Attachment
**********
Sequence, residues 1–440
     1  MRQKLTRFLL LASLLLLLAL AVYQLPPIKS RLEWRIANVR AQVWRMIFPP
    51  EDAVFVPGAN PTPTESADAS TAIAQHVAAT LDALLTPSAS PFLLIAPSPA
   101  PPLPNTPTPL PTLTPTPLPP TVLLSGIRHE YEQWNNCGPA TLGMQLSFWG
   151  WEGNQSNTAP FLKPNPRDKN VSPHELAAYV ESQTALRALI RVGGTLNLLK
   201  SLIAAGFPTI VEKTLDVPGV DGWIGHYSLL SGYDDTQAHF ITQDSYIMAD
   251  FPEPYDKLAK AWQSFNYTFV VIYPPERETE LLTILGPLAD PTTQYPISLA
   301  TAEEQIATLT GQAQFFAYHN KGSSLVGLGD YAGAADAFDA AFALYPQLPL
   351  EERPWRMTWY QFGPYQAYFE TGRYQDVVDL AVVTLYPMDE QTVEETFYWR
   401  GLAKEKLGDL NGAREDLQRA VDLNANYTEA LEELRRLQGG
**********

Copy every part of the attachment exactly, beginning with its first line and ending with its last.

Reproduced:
Sequence, residues 1–440
     1  MRQKLTRFLL LASLLLLLAL AVYQLPPIKS RLEWRIANVR AQVWRMIFPP
    51  EDAVFVPGAN PTPTESADAS TAIAQHVAAT LDALLTPSAS PFLLIAPSPA
   101  PPLPNTPTPL PTLTPTPLPP TVLLSGIRHE YEQWNNCGPA TLGMQLSFWG
   151  WEGNQSNTAP FLKPNPRDKN VSPHELAAYV ESQTALRALI RVGGTLNLLK
   201  SLIAAGFPTI VEKTLDVPGV DGWIGHYSLL SGYDDTQAHF ITQDSYIMAD
   251  FPEPYDKLAK AWQSFNYTFV VIYPPERETE LLTILGPLAD PTTQYPISLA
   301  TAEEQIATLT GQAQFFAYHN KGSSLVGLGD YAGAADAFDA AFALYPQLPL
   351  EERPWRMTWY QFGPYQAYFE TGRYQDVVDL AVVTLYPMDE QTVEETFYWR
   401  GLAKEKLGDL NGAREDLQRA VDLNANYTEA LEELRRLQGG